Reps. Henry Waxman and Anna Eshoo, both California Democrats, have introduced the Open Internet Preservation Act, which would reinstate the FCC's anti-blocking and anti-discrimination rules until the commission can figure out how to reinstate them. Senate Commerce Committee member Ed Markey (D-Mass.) is introducing the Senate version.
They were joined by a handful of Democratic senators, led by Markey and veteran net neutrality backer Al Franken of Minnesota.
The rules were vacated by a Federal appeals court, which said that while the FCC had the power to regulate broadband access, it had not properly justified it under current law and the FCC's current classification of broadband as an information service.
“With the recent D.C. Circuit appeals court ruling, the open Internet as we know it suffered a blow. By striking down rules that prevented broadband providers from discriminating against or even blocking online content, the Court’s decision threatens the openness and freedom that has defined the success of the Internet. Although the Court struck down the FCC’s ‘no-blocking’ and ‘nondiscrimination’ rules, it explicitly affirmed the agency’s authority to oversee broadband services in the United States,” said Eshoo in a statement. Eshoo is ranking member of the Communications Subcommittee and has just announced her candidacy for the top Democratic spot on the parent Energy & Commerce Committee, currently held by Waxman, who announced last week he would be retiring.
“I am pleased to be an original cosponsor of legislation preserving the FCC's ability to enforce net neutrality rules that keep the Internet open from gatekeeper interference," added Rep. Doris Matsui, also a Democrat from California, home to Silicon Valley and the computer and online companies pushing hard for net neutrality protections.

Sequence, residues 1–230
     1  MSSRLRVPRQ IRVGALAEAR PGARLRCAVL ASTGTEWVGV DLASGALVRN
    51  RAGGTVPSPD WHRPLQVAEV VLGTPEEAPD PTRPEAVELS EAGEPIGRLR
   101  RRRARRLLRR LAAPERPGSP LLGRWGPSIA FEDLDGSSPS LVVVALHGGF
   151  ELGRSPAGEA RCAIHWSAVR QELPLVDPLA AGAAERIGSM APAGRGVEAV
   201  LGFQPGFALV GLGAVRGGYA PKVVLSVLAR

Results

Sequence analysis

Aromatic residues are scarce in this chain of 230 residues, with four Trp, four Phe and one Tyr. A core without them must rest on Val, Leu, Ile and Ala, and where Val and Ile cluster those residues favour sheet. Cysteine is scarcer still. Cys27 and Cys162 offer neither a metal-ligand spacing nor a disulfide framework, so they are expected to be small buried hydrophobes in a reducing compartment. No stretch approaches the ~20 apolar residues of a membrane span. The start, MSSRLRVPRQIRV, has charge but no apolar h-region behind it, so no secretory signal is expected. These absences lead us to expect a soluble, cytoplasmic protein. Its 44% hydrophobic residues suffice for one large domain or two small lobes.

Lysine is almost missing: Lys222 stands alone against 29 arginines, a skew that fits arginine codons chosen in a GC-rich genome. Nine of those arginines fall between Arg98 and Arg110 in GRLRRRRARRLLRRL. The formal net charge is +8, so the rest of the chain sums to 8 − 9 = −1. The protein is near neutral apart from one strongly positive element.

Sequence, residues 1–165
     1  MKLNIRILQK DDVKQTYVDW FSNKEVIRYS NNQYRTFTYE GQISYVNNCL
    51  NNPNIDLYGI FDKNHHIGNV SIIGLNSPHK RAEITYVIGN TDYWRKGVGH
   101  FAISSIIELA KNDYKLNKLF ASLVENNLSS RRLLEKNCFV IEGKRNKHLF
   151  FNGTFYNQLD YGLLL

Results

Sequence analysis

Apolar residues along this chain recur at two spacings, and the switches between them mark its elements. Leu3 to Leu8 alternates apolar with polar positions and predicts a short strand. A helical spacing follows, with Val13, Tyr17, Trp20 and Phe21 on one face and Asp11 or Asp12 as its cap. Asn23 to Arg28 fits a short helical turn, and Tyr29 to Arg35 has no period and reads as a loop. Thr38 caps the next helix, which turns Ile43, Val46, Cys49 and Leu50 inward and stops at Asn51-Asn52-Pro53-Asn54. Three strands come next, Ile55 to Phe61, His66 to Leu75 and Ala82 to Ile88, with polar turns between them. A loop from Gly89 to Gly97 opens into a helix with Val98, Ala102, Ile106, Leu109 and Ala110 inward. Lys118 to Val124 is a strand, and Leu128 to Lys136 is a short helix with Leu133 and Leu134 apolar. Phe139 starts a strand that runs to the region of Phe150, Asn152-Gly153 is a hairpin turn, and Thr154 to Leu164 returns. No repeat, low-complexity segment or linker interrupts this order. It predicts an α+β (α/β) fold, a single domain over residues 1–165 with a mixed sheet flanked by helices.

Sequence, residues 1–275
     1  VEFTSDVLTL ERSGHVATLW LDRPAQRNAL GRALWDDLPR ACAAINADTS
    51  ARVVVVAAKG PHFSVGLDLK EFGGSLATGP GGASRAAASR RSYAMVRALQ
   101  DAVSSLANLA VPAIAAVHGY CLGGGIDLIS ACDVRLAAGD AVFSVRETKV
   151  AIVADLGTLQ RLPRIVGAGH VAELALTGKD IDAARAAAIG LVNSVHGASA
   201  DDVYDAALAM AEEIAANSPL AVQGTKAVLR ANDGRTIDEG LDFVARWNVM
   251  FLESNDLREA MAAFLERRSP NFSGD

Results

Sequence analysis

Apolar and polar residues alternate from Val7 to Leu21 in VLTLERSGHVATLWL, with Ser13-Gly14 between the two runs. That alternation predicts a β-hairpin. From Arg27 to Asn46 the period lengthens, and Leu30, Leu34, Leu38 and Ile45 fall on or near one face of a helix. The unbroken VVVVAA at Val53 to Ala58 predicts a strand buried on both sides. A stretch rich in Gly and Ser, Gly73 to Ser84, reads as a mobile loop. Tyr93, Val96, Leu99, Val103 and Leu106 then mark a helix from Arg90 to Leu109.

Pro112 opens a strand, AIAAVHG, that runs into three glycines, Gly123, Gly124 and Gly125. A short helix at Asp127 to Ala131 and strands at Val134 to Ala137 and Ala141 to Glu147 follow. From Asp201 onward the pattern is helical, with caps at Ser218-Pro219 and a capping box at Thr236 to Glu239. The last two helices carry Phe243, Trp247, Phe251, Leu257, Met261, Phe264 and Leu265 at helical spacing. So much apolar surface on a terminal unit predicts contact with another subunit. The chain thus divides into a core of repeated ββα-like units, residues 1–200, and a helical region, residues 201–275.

"While the D.C. Circuit affirmed the FCC’s authority to oversee broadband services, this legislation is necessary to restore anti-blocking and non-discrimination rules in the interim," said Matsui. "These basic rules of the road are necessary to protect both consumers and innovators."
“We’re pleased that members of Congress are pushing the FCC to restore the no-blocking and nondiscrimination provisions that were at the heart of the FCC’s Net Neutrality rules," said Chancellor Williams, associate policy director, Free Press Action Fund, in a statement. "And as the recent court decision made clear, the only way the FCC can implement these critical protections is by first reclassifying broadband as a common-carrier service."
The bill, however, does not do that.
"This proposal will certainly be a part of the discussion as we work toward a #CommActUpdate," Said House Communications Subcommittee Chairman Greg Walden (R-Ore.), talking about a multi-year effort that is likely to long a timeline for Democrats eager to restore the network neutrality status quo. "However, we remain vigorously opposed to any attempt to install the FCC as the traffic cop of the Internet. Innovation, job creation, and consumer choice have all flourished without so-called Net Neutrality rules, and a departure from that framework would certainly put American leadership in communications and technology in jeopardy."